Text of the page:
The Whitlingham Bird Report 2020 is available now (click here)

For previous years (2012-2019) see the links on the Whitlingham Bird List page.

WHITLINGHAM: Early Sand Martins

28th March 2015

During the morning I had a call from Justin to tell me that he had found a Mediterranean Gull at Whitlingham amongst the Black-headed Gulls, and had also seen four Sand Martins fly through. I was busy until after lunch, but later in the afternoon (and after it had stopped raining) I went down for a quick look.

Walking along the south shore it was evident how much of an effect the weather has on visitor numbers, as the C.P. was almost deserted. I walked all the way to the pump house and scanned through the Black-headed Gull flock, but unfortunately the Med Gull had departed. As I scanned back and forth I happened to glance up and saw two Sand Martins battling against the wind. Sand Martins are usually one of the earlier migrants to arrive back, but these were my earliest ever at Whitlingham, two days earlier than those seen on 30th March 2009. Walking back I heard a couple of Oystercatchers flying around calling to each other. They flew past over the picnic meadow and then ended up on the jetty opposite the flint barn, where they seemed quite content.

As I walked past the ruined hall I decided to check the Daffodils, and a small fly on one of the flowers looks like it could be the aptly named Daffodil Fly.

WHITLINGHAM: Chiffchaffs and Treecreepers

22nd March 2015

I had a bit of free time on Sunday afternoon and headed down to Whitlingham to look for early spring migrants. As with my previous visit the sunny weather had brought many families and walkers to the country park, making for a busy circuit. A Chiffchaff was calling close to the second car park and was visible high up in a nearby tree. Further round I heard another one singing from Thorpe, whilst a third bird was too busy flycatching do do any singing.

Other than the Chiffchaffs, it was all a bit quiet really. There was still quite a few Tufted Ducks about, but only a single Gadwall and several Teal on Thorpe Broad. Walking slowly back along the south shore of the Little Broad I stopped to watch some Goldcrests close by, and whilst stopped noticed two Treecreepers on nearby Alder trunks.

NORWICH: Solar eclipse

20th March 2015

Norwich was covered in cloud, which rather dampened the enthusiasm, but the partial solar eclipse was just visible several times around ten o'clock.

THORPE MARSH: A few birds and a lichenocolous fungus

15th March 2015

I managed to get down to Thorpe Marsh for a couple of hours, hoping to see one of the waders that others have seen flying over in recent days (Golden Plover, Curlew, Ringed Plover) or perhaps an early summer migrant. A White-tailed Eagle flying around the county gave an added incentive to keep looking up as I walked round. Sadly none of the aformentioned species did fly over. The highlight was excellent views of a male Sparrowhawk as it swept past at head height and landed in a nearby tree. A couple of Meadow Pipits were the only addition to my yearly patch list.

With few birds about I went and had a look at some of the lichen covered trees in order to put my recently gained lichen knowledge to the test. I took quite a few photos to confirm at my leisure, but the most interesting find was a tiny pink fungus called Illosporiopsis christiansenii that parisitises Physcia lichens.It is in the photo below, but you may need to click to enlarge it before you can see it!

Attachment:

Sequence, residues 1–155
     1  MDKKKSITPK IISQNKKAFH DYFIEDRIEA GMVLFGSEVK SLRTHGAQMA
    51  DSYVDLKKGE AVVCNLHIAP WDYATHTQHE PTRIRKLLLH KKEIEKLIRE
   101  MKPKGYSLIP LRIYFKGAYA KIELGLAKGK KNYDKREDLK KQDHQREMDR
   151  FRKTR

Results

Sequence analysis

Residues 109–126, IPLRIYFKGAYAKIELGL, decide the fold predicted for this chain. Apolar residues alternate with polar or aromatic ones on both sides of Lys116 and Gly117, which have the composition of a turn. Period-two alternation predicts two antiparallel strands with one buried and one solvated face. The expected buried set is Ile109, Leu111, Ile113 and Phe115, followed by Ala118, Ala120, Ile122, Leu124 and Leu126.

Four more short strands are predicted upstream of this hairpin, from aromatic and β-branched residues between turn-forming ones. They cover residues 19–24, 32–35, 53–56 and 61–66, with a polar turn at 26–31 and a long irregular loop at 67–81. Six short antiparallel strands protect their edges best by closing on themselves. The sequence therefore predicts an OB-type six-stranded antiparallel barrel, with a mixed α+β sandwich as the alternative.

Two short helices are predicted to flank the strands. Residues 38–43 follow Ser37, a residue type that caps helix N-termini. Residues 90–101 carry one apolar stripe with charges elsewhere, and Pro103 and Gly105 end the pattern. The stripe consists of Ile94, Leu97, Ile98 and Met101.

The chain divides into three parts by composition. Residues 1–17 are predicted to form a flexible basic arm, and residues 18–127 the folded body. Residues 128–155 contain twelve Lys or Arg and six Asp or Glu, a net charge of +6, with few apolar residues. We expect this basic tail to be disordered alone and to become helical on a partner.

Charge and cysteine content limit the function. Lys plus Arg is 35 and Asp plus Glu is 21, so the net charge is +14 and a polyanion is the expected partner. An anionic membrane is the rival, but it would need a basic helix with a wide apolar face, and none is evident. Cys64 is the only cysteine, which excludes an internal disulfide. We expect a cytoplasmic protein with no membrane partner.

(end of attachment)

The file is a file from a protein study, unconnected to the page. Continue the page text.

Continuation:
NORTH NORFOLK: Lichen walk

8th March 2015

On Sunday I went to Blickling Park to attend a NNNS walk looking at lichens on trees. The walk was led by county recorder Peter Lambley, and was well focused on beginners, allowing the participants to get an idea of how to identify some of the commoner species. We walked amongst some of the old parkland trees towards the lake, before heading across to the woods. Stopping for a short lunch break we saw flocks of Redwings and Fieldfares flying over, whilst we also heard several Nuthatches and a drumming Great-spotted Woodpecker. Whilst in the woods we visited the mausoleum, said to be Norfolk's only pyramid. We saw around 30 species of lichen, and hopefully I will now be able to identify some of them at Whitlingham too. Thanks to Peter for a very informative walk.

Cladonia fimbriata

Xanthoria parietina showing positive reaction with bleach

The Blickling pyramid

WHITLINGHAM: March wildfowl count

7th March 2015

On Saturday I headed down to Whitlingham for March's wildfowl count. The weather was unseasonably warm, with the accompanying huge increase in people. Despite the sunshine I didn't see a single butterfly, although as there were few flowers out they had probably made a wise decision. Another omission were any singing Chiffchaffs, which I had hoped to hear. The final thing that I didn't see was Garganey. The arrival of five of these ducks at Titchwell had raised hopes of one locally, but my wait for a patch one goes on. 

Wildfowl numbers had continued to decline since last month. There were still quite a few Tufted Ducks, but the only Gadwall were across the river at Thorpe Broad. Great-crested Grebes were all in breeding plumage, and the absence of all but two Egyptian Geese suggest that some are currently incubating. Two of the Herring Gulls were of interest, one with a red VKB ring is a bird I've seen here several times and was ringed as a pullus at Havergate in Suffolk. The other one had a particularly long bill, giving it a rather Caspian Gull-like appearance, albeit without some of the other features you would look for in that species. The only 'new' bird for the year was an Oystercatcher on the shingle at Thorpe.